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Wollstonecraft's Rights of Woman

1792

Mary Wollstonecraft

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  • Intro

    Mary Wollstonecraft (1759-97) was one of Britain’s first great feminist writers. She wrote of her belief that women were only seen as inferior to men because they did not have the same opportunities for a good education. She stressed that women could contribute a huge amount to society, if only they were given the freedom to do so: "Would men but generously snap our chains, and be content with rational fellowship, instead of slavish obedience, they would find us more observant daughters, more affectionate sisters, more faithful wives, more reasonable mothers - in a word, better citizens."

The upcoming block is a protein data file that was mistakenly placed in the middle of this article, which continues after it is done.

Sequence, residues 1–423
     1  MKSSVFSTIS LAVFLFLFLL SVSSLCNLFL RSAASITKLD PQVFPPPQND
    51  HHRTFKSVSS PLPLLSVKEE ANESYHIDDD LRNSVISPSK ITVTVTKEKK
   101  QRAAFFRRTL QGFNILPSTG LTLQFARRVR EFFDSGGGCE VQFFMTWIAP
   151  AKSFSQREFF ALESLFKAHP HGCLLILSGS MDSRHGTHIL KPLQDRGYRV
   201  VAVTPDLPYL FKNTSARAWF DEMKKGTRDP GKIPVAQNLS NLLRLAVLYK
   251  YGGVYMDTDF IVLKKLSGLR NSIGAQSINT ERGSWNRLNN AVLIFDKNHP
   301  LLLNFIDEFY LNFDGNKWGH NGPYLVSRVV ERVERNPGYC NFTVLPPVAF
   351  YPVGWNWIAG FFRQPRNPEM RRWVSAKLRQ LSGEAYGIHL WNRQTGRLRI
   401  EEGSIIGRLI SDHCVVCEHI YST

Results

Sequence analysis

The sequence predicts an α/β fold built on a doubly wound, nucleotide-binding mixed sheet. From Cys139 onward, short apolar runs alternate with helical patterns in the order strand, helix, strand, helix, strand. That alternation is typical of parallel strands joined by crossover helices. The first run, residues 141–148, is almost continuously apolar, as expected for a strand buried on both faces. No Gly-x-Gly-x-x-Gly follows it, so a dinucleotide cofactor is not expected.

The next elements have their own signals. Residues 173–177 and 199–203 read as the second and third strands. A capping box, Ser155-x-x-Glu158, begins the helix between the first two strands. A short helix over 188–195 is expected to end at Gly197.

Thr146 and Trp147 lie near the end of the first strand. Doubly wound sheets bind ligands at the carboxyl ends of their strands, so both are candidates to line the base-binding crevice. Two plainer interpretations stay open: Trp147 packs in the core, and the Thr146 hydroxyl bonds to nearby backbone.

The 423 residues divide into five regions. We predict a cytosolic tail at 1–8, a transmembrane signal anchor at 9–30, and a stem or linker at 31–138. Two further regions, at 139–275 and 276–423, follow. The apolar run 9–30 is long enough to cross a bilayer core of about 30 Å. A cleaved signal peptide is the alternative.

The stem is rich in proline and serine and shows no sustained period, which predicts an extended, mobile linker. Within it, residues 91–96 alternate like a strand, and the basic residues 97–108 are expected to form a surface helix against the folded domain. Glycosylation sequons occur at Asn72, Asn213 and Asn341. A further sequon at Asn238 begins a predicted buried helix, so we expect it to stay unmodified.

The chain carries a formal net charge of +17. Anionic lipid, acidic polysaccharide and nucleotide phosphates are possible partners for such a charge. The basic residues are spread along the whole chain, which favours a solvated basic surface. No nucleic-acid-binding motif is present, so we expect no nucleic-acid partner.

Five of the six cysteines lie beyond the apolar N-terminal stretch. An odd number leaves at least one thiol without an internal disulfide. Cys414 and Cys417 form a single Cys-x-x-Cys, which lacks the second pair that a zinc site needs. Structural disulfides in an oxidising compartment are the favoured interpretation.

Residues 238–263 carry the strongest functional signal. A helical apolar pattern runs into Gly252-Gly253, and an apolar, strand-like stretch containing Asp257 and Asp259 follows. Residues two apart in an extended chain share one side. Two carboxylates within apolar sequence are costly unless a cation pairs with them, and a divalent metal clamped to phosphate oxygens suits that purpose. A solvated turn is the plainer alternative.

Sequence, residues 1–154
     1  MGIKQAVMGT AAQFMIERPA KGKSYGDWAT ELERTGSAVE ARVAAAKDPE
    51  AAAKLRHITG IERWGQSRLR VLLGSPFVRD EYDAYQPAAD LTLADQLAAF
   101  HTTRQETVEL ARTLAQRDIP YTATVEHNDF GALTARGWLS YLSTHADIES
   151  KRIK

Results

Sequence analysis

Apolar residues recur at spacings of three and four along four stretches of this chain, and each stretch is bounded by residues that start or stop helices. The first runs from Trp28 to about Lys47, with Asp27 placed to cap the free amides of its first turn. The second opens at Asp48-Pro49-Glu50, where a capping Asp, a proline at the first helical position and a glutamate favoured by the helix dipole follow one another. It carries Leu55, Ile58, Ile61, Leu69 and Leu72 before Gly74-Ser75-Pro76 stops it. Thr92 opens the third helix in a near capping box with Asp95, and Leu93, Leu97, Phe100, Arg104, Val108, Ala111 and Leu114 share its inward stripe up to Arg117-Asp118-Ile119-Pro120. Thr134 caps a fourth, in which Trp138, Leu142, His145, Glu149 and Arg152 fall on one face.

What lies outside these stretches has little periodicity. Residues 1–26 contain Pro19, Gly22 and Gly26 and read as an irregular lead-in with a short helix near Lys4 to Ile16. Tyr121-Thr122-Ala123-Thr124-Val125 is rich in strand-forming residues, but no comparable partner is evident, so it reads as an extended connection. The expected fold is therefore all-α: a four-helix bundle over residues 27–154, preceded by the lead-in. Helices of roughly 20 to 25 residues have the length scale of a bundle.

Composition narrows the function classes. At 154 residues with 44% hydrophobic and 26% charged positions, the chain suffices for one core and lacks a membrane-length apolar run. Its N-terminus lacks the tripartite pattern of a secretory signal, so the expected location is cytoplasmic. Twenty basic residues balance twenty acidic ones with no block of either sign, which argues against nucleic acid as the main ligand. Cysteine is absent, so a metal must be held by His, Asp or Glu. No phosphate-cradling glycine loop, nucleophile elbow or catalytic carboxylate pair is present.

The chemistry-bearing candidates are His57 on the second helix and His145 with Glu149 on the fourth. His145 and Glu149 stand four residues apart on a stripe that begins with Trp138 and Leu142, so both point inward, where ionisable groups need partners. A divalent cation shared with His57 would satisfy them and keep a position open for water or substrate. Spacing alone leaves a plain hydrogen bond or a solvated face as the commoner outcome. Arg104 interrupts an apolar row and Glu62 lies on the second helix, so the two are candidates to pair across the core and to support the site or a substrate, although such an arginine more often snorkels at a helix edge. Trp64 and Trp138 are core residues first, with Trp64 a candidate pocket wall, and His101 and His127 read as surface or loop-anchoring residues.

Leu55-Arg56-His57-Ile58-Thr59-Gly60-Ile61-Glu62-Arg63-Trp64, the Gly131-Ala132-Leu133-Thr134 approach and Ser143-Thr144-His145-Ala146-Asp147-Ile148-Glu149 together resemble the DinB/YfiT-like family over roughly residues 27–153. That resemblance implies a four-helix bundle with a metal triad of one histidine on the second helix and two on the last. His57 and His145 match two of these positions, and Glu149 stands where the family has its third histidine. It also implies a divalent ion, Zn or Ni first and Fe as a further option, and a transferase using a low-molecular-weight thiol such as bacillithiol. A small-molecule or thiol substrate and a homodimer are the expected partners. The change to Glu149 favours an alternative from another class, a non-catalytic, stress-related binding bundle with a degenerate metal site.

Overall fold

In the eyes of the law, a married woman had no property, no vote, no money of her own, nor any rights to her children. It was not until the Married Woman's Property Act of 1870 that married women were allowed to keep the money they earned and have ownership of property acquired before or after marriage. Wollstonecraft's essay, A Vindication of the Rights of Woman, has many comparisons with Thomas Paine's Rights of Man, an essay that called for social justice and liberty.

     

    Shelfmark: 523.g.3 vi-vii

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